We don’t know if many of us will get sick from COVID-19. The scientific evidence seems to suggest that the actual threat to our lives and our physical well-being is limited. At the same time, the level of social disruption and the threat to our sense of community and our individual, emotional, and spiritual well-being is already considerable.

People are anxious. People are isolated. People are desperate for hope.

Fortunately, the Bible gives us great hope in times like this. It says that we who belong to the Family of God in Christ don’t have to live in fear (see Romans 8:15 and 2 Timothy 1:7)! Scripture reminds us that our “worst-case scenario” is eternal life with Jesus (Philippians 1:21). Jesus himself seemed to speak to a situation like ours, when he said, “A time is coming and in fact has come when you will be scattered, each to your own home” (John 16:32). But he also reminded us that none of us are ever truly alone. He said, “I have told you these things, so that in me you may have peace. In this world you will have trouble. But take heart! I have overcome the world” (John 16:33).

The current situation provides us with opportunities to get back to the essence of the Christian life. We don’t need an elaborate production or a highly-skilled team of musicians to worship the Lord. We don’t need 35-minute monologues from professional preachers to learn new things from the Word of God. We don’t need a crowd of hundreds to experience fellowship in the Spirit. In fact, Jesus explicitly told his followers that, “where two or three gather together as my followers, I am there among them” (Matthew 18:20). He’s a “+ one” to any table of any size, as long as He’s invited and welcomed.

Our Plan

It’s kind of beautiful that the Kent State University quarantine is currently set to conclude on the day after Easter. For thousands of years, Christians have observed this period of purification and preparation in the lead-up to Resurrection Sunday, through the observance of Lent. It’s always provided a special opportunity to meditate on the “+ One” dynamics of an individual’s walk with God. Our externally-impelled separation by disease is really not so different from the time when the first followers of Jesus were forced underground because of political and social pressures connected to the arrest, trial, and crucifixion of their leader, Jesus (see Matthew 26-28, Mark 14-16, Luke 22-24, John 18-21, and Acts 1-2).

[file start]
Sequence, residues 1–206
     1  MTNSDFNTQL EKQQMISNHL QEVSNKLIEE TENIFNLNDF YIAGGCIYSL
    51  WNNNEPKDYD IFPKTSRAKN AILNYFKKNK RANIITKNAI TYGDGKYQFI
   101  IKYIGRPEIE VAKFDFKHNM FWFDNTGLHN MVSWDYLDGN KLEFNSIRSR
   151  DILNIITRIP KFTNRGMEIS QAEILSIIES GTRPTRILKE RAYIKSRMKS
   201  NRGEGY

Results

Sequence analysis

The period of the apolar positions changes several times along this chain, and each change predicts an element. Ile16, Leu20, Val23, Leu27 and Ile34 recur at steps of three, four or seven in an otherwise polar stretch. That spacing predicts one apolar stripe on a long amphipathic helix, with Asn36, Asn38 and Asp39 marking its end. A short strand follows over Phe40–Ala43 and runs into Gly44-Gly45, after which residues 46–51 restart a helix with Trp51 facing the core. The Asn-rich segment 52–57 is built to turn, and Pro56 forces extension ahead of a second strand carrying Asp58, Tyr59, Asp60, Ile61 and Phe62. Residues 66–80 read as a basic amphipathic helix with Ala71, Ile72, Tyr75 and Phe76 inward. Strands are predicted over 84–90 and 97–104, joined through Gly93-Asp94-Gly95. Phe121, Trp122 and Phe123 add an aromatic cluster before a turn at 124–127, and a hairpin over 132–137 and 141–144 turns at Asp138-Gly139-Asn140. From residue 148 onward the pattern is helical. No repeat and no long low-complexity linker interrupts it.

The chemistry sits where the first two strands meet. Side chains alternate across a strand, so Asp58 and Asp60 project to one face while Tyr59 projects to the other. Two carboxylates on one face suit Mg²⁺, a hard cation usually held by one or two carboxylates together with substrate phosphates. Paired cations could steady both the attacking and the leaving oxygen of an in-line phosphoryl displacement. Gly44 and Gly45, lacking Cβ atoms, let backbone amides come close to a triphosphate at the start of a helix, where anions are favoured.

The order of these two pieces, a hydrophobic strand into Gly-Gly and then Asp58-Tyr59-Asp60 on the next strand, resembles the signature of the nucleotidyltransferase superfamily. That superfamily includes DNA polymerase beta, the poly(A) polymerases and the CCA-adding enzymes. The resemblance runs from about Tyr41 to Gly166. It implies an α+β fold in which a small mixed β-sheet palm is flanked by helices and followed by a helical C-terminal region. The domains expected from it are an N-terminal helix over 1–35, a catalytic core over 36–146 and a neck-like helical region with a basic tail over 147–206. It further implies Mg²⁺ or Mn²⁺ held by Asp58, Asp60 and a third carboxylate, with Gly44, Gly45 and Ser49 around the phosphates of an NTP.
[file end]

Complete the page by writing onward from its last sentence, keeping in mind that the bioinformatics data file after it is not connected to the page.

It just so happens that our church regularly publishes devotional guides for the seasons of Advent and Lent (which often correspond with seasons of scattering for our University-centered community). We have not yet put one out for this year’s observance of Lent. But the current COVID-19 situation seems to call for a return to this practice — among others. Here’s what we’re going to do:

For Bible Study: We will publish daily installments of Lenten devotional thoughts. Starting this Sunday, we will post a devotional every morning, and throughout the rest of the day we encourage church interaction through social media, text messaging, phone calls, and even small group gatherings (where two or three gather together as Jesus’ followers).

For Community: We want to pursue community in creative ways. We want to encourage each other to share where each of us are spending the next month of quarantine, through some sort of interactive map (we’ve got some ideas, but suggestions are welcome!). Hopefully, this will help each of us to feel less unknown, less alone.

For Encouragement: We hope that our people can seek each other out for small group gatherings — two or three gathered in Jesus’ name — where they can mutually encourage one another, catch up on life, pray together, reflect together on the day’s Scripture readings, and even break bread together (a creative idea for location sharing will help with this).

For Mission: We believe that God has prepared us to meet the needs of those around us. The evolving situation in our communities increases the need among “the least of these.” We want to “look out for orphans and widows in their distress” (James 1:27). To do this, we need to have our eyes open and be ready to serve those around us in practical ways.

For Hope: There’s still quite some time for circumstances to shift, but we’re already hopeful for the day that we can return to regular rhythms. We are starting to plan for our month of Lenten preparation culminating in some sort of creative celebration on Easter Sunday (we miss you guys already!). 

Our Hearts

The Church is the people of God, united in pursuit of His Kingdom. We’re praying, “May your Kingdom come soon. May your will be done on earth, as it is in heaven” (Matthew 6:10). We didn’t ask for this current situation, but our church is now scattered for the foreseeable future. We eagerly long for a way to stay connected, but we also want to commission you to “Go” and make the most of this opportunity. So look to God’s Word together. Look out for each other. Encourage one another. Be the Church to one another. We look forward to eventually hearing stories of how God meets you in this season.

Please feel free to contact us with any further questions, concerns, prayer requests, or whatever. We love you guys, and we’re praying for you.

H2O Pastor First Name Signatures

Eric Asp and Jason Slack, H2O Pastors